Legislation being considered in Michigan would prevent municipalities from banning short-term rentals. Local government officials and the taxpayer-funded groups that represent them in Lansing are fighting against the bill. But their arguments are shallow and sometimes nonsensical.
Many counties, cities and townships across Michigan have bans on short-term rentals, typically in residential areas. This limits the supply of Airbnb-type properties and forces them into areas of cities where property is more expensive. These bans have several negative effects, such as suppressing home values, making it more expensive for Michiganders to vacation, cutting down on tourism and limiting the private property rights of homeowners who want to rent out their property.
House Bill 4722 passed the Michigan House recently and is being considered by the Michigan Senate. It’s a pretty simple bill. It does the following:
Prevents municipalities from banning short-term rentals
Removes most regulations that unfairly discriminate against owners of short-term rental property
Allows regulations for noise, traffic, advertising and other nuisances
Allows inspections aimed at protecting public health and safety
Allow cities to ban short-term rentals if more than 30% of residential units are rentals
Allows cities to ban people or businesses from owning more than two short-term rentals
Some Michigan cities and their associations, like the Michigan Municipal League, are adamantly opposed to the bill. A recent article in the Michigan Advance allowed them to air their grievances with the bill. Here is every argument against short-term rentals that were stated in the article:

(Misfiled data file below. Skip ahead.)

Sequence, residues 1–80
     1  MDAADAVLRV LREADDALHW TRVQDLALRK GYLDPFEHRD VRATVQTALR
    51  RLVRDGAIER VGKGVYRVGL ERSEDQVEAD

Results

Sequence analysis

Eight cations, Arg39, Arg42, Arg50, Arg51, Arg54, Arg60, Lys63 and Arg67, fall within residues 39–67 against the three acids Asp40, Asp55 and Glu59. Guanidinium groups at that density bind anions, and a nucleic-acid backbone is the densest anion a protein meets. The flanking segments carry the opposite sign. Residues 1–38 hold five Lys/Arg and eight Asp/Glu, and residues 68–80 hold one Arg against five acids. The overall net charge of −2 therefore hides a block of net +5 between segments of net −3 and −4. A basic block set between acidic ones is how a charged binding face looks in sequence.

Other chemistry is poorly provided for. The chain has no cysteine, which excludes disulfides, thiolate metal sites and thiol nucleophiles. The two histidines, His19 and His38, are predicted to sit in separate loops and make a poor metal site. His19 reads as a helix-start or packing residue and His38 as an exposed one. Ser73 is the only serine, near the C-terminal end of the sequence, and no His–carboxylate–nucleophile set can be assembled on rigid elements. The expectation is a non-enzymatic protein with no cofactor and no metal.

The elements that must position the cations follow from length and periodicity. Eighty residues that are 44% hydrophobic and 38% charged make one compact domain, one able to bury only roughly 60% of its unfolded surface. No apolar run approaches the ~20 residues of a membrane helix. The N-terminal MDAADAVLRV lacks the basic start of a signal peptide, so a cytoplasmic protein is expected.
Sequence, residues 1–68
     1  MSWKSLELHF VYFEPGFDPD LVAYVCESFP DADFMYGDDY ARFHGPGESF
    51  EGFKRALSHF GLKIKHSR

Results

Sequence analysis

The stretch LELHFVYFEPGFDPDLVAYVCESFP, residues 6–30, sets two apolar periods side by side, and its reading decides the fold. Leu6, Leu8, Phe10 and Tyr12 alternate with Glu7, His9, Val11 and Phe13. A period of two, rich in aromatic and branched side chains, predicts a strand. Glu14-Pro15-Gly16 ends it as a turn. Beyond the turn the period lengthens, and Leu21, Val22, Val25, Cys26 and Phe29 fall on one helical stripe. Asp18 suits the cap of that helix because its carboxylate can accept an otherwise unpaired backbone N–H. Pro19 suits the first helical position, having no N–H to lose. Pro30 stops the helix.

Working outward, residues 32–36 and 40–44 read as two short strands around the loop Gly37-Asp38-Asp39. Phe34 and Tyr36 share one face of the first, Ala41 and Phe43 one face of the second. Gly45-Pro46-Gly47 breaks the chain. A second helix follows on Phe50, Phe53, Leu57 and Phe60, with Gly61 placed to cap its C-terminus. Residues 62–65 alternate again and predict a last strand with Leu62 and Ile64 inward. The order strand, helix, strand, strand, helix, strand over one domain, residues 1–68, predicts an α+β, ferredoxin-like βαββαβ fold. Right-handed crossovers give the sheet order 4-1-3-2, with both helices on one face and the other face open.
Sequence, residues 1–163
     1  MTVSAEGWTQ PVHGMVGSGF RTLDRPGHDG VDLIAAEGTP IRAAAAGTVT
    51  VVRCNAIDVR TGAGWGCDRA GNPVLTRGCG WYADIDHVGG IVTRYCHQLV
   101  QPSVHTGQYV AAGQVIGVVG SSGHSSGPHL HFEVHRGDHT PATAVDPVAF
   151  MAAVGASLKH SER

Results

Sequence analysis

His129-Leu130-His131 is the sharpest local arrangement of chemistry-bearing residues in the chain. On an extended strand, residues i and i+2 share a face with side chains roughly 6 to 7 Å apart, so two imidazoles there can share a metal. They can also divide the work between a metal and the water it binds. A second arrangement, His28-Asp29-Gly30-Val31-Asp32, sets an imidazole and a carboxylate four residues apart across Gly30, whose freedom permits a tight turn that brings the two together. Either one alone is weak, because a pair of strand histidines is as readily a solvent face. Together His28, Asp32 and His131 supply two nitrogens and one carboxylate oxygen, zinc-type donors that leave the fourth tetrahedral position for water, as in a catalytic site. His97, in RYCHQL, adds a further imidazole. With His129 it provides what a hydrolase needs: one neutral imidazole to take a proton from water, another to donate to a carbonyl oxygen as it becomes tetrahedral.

They increase housing costs
They lead to noise, trash, bonfires and nuisance complaints
They "erode" neighborhoods
Rental property owners get more rights than permanent residents
They take business away from traditional hotels
They will increase crime
They will cost jobs
They could lead to 20-30% population declines in a city
Lined up one-by-one, these look frightening. Until you stop and think about it.
The complaints could be leveled against long-term rental properties. And often they are. But the answer isn’t for the state of Michigan to allow zoning laws that effectively ban rental properties throughout most cities and towns.
The unfortunate reality is that people have issues with their neighbors all the time. The challenge is to balance the rights of property owners to use their homes as they see fit and to simultaneously protect the community from harmful nuisances. That’s what local governments should be focused on, rather than attempting to curb the property rights of homeowners who want to offer the use of their property to others as a short-term rental. Despite the complaints against it, HB 4772 strikes that balance quite well.
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